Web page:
Things changed during the “Progressive Era” (1890s – 1920s). The United States had a social awakening, which showed its hand in many of the advancements of the day, particularly in public responsibility for the less fortunate. This included the mentally ill. Psychiatric treatments began in earnest and ran a gamut of approaches, including electrotherapy (not to be confused with electroshock therapy). Electrotherapy worked by stimulating nerves with a low-level electrical pulse, which typically produced a tingling sensation. Depending on the school of thought, electrodes could be attached to the head or other body part, or the patient could be partially immersed in water that carried a low level electrical current. Electrotherapy isn’t particularly pleasant, but neither is it cruel. The first real shock therapy involved transferring a patient rapidly between a steaming hot bathtub and a freezing tub. The shock would often cause patients to pass out.

In the early Twentieth Century, psychoanalysis became the new fad, as Freud’s theories gained widespread acceptance. Psychiatrists were hired by the Eloise Hospital administration and enjoyed some success with the patients. Later, the story turns darker, as electroshock and prefrontal lobotomies took center stage. Eloise was at the forefront of these therapies, as they were with most “promising” new treatments. It’s easy today to judge them for employing these cruel techniques that caused radical and irreversible harm to the patients, but at the time they were at the forefront of innovation. The surgeons who performed the lobotomies genuinely thought the operation would result in a better life for the patient, and went forward with the best intention.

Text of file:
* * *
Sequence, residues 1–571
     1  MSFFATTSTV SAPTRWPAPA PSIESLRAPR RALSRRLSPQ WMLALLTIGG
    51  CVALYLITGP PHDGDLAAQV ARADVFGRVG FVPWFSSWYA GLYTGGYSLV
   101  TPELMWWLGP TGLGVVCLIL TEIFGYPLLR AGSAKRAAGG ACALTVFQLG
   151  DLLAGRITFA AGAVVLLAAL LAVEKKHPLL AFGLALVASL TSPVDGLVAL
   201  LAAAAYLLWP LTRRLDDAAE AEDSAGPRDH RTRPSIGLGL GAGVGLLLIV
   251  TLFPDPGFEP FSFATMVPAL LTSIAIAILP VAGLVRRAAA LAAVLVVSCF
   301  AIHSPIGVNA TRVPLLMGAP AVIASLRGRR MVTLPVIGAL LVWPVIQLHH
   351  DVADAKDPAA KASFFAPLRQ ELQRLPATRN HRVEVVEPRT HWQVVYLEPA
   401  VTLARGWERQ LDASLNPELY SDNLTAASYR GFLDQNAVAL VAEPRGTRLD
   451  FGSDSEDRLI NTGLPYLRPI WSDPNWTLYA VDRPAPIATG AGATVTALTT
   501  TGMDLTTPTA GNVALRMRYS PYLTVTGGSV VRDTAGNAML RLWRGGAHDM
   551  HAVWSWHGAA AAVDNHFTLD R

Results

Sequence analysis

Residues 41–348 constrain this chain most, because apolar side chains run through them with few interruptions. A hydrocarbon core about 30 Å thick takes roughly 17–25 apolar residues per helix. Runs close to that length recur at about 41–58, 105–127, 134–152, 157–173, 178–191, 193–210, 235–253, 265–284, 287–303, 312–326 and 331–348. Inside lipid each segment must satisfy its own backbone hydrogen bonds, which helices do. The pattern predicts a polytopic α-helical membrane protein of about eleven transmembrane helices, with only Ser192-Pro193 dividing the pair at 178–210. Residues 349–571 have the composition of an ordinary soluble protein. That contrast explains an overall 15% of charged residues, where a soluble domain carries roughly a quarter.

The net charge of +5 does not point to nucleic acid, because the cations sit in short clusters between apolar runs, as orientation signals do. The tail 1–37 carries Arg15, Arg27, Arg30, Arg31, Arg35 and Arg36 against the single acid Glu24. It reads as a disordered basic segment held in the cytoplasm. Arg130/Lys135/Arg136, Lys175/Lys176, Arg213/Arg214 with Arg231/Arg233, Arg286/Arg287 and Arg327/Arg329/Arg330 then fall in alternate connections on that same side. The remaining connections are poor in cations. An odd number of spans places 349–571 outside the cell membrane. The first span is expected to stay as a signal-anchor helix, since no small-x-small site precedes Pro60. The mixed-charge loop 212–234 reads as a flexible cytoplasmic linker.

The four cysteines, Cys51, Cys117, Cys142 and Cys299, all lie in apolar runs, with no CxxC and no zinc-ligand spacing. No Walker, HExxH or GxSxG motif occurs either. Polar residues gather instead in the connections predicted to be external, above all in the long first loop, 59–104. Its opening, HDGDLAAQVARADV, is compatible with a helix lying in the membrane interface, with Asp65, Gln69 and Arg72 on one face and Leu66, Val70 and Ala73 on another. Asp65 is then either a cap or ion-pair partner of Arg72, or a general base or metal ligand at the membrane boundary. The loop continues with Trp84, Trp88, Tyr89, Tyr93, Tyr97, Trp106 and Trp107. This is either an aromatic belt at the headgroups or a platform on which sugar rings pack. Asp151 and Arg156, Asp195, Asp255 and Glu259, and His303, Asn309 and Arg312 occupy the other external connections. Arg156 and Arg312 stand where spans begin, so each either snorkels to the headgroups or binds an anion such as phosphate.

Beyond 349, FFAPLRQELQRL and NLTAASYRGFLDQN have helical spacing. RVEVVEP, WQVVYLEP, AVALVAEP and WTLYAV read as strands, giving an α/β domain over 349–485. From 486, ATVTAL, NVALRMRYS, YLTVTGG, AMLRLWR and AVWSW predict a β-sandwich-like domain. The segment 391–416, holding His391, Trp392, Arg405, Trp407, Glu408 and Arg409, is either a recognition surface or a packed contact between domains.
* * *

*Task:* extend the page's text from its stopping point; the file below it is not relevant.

It’s always a danger to measure history by today’s yardstick. Experience has shown us that the lobotomy was a bad idea, and that electroshock therapy, applied as it was, did more harm than good. But just as with medical authorities today, these doctors were doing the best they could with the information available to them at the time. While it won’t do a bit of good for the patients who suffered at their hands, the doctors deserve at least our understanding. (And woe to you if you don’t expect the same scrutiny to be applied to our medical techniques today. In the future, some of our tried-and-true therapies—including radiation, I’m certain—will be viewed as cruel and barbaric, perpetrated by primitive hacks barely advanced from the barbers of the Middle Ages.)

So what is Eloise Hospital’s legacy? Now only four buildings remain. Three are derelict, one, the Kay Beard Building (formerly “D” Building, which served as Eloise’s administration building from 1925 -1981) serves as the office for the Wayne County Senior Citizens Services. The office occupies a small portion of the main level, leaving the vast majority of the facility empty. The other buildings—the firehouse, dynamo, and bakery—are standing but are uninhabitable.

People of a certain age who drive by the Kay Beard Building remember the patients, often children, who would gather at the fence to get a glimpse at the world outside Eloise’s walls. They remember the strange noises, sometimes human, sometimes animal, often-times indiscernible as either. They remember the relatives who were locked away behind those walls, sometimes never to be seen again.
But mostly they remember that name, the name that has always run chills up their spine—Eloise.

Thank you, D.E. To find out more about D.E. and his novels, please visit his website.

No comments: